8. The minor child's surname shall be changed to Howell . . . .

         The trial court entered a new parenting plan giving Mother and Father equal parenting time and naming Mother the primary residential parent. The court established a transitional period, from January 29 through February 24, 2016, during which Father would begin to exercise more overnight parenting time. Then, as of February 24, 2016, the regular parenting schedule would be as follows:

[T]he Mother shall have co-parenting time with the minor child every Monday at 6:00 p.m. until Wednesday at 6:00 p.m. and the Father shall have co-parenting time every Wednesday at 6:00 p.m. until Friday at 6:00 p.m. The parties shall alternate the following block: Friday at 6:00 p.m. until Monday at 6:00 p.m.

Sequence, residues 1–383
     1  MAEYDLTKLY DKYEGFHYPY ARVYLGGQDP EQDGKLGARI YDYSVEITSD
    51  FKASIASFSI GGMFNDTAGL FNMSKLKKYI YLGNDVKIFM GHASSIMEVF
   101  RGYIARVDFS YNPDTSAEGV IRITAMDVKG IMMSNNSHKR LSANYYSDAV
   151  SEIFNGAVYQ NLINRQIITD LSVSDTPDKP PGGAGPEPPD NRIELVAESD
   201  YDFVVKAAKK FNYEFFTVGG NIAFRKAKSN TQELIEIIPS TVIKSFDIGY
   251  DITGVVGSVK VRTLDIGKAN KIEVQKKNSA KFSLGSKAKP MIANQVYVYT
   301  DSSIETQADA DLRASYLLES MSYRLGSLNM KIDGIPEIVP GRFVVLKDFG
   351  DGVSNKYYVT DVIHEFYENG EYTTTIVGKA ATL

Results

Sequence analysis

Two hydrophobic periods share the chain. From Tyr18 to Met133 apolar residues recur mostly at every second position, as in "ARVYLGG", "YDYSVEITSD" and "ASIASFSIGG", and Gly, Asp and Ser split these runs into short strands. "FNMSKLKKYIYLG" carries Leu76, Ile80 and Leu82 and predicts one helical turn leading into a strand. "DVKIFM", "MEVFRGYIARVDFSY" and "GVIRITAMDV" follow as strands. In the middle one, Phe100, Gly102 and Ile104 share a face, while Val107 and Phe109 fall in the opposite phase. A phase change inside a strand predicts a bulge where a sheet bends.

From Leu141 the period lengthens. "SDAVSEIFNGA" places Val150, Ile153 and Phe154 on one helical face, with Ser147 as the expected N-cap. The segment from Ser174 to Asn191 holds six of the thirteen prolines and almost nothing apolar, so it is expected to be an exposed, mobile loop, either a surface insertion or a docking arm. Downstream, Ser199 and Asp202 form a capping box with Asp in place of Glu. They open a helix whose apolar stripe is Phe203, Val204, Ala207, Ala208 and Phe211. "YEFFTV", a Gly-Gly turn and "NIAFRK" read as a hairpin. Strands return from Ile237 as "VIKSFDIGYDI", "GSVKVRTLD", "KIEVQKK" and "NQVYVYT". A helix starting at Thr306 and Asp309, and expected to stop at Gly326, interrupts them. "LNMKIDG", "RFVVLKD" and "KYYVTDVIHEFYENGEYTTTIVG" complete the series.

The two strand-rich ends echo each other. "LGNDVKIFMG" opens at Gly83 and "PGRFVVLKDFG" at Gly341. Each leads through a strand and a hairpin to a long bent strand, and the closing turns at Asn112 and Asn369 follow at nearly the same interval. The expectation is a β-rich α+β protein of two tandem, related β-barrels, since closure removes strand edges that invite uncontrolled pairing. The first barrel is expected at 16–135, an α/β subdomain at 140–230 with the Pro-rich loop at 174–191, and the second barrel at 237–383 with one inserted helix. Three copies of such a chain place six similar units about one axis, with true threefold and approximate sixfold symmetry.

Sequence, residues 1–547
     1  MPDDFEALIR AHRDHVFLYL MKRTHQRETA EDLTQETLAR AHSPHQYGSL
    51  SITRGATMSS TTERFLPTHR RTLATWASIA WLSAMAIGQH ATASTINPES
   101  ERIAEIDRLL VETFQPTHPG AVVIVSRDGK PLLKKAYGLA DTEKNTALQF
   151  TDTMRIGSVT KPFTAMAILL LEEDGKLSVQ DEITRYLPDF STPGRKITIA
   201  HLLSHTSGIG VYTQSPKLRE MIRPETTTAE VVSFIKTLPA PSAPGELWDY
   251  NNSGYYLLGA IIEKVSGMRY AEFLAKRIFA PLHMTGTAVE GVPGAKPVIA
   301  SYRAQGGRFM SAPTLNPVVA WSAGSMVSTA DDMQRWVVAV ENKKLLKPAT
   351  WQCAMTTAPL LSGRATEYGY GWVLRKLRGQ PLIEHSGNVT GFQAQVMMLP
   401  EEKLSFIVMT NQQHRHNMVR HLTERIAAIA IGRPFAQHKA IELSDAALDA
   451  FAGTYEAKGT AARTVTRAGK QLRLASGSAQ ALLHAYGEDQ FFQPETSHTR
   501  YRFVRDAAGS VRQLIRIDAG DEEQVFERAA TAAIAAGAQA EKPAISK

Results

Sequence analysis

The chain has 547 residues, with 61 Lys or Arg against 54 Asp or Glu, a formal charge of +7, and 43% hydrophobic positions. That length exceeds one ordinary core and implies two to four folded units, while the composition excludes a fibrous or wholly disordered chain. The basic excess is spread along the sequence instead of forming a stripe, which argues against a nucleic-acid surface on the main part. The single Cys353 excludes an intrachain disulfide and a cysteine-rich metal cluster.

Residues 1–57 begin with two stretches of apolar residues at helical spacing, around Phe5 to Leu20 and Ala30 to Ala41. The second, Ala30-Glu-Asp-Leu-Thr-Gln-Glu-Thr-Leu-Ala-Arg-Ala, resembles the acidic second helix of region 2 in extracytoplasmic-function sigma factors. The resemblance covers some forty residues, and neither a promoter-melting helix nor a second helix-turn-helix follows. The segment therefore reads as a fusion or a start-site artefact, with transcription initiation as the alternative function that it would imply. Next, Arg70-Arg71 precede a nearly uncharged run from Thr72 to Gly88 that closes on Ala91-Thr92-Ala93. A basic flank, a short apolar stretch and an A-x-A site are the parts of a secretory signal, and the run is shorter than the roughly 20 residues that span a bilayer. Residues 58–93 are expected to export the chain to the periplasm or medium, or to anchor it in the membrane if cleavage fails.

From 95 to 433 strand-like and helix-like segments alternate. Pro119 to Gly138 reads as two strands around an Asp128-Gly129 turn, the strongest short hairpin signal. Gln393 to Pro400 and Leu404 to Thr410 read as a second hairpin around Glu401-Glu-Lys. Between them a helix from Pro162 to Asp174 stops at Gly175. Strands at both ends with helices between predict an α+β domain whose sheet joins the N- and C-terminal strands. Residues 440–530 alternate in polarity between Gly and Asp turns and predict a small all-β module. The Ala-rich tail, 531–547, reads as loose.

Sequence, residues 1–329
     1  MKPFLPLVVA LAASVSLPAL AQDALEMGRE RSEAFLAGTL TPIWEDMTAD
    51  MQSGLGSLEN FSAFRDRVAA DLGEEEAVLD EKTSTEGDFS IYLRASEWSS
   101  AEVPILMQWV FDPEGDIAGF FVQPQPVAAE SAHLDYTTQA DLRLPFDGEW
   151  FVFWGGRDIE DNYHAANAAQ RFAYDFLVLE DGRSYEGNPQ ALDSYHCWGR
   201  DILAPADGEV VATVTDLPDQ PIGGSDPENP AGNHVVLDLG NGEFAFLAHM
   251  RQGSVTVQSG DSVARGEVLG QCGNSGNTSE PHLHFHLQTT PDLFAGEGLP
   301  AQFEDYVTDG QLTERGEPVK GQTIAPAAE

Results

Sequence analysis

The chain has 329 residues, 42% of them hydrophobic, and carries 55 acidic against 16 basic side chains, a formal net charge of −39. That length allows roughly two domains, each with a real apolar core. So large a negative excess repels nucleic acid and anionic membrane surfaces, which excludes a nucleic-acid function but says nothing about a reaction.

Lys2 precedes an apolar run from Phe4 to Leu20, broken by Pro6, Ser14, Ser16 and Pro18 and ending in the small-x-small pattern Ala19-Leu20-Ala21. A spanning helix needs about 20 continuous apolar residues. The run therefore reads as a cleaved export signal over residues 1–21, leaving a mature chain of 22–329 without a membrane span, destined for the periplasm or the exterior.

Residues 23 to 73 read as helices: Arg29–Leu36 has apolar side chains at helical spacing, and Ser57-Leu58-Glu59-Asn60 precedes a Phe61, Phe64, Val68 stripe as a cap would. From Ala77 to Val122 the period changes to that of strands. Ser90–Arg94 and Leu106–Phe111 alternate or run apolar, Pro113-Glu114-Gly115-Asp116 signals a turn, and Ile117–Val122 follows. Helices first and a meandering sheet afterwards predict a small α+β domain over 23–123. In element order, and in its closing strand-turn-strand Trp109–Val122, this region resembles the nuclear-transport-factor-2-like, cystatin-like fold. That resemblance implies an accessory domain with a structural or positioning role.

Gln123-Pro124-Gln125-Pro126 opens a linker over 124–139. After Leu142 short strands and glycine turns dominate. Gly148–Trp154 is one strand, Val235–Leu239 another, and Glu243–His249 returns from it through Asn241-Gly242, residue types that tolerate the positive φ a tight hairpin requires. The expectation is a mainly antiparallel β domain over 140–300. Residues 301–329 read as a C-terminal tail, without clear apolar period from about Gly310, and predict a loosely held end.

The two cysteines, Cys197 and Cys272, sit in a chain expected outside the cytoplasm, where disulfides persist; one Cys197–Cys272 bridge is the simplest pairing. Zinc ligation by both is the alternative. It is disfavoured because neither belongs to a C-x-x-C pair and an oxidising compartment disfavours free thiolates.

Based upon the child support guidelines, Father was required to pay Mother $139.00 per month in child support beginning on February 1, 2016. Mother was awarded a judgment in the amount of $300.00 in retroactive child support.

         On March 15, 2016, the trial court entered an agreed amendment to its February 23, 2016 order stating that "each party shall be responsible for their own respective attorney fees on all issues, including, but not limited to, criminal contempt." This order was entered nunc pro tunc January 26, 2016, the date of the hearing.

         On appeal, Mother raises a number of issues, which we summarize as follows: whether the trial court erred in (1) finding Mother in criminal contempt; (2) failing to adopt Mother's proposed parenting plan; (3) its calculation of temporary child support; (4) failing to require Father to pay child support by wage assignment; and (5) changing the child's surname to Father's surname.[1]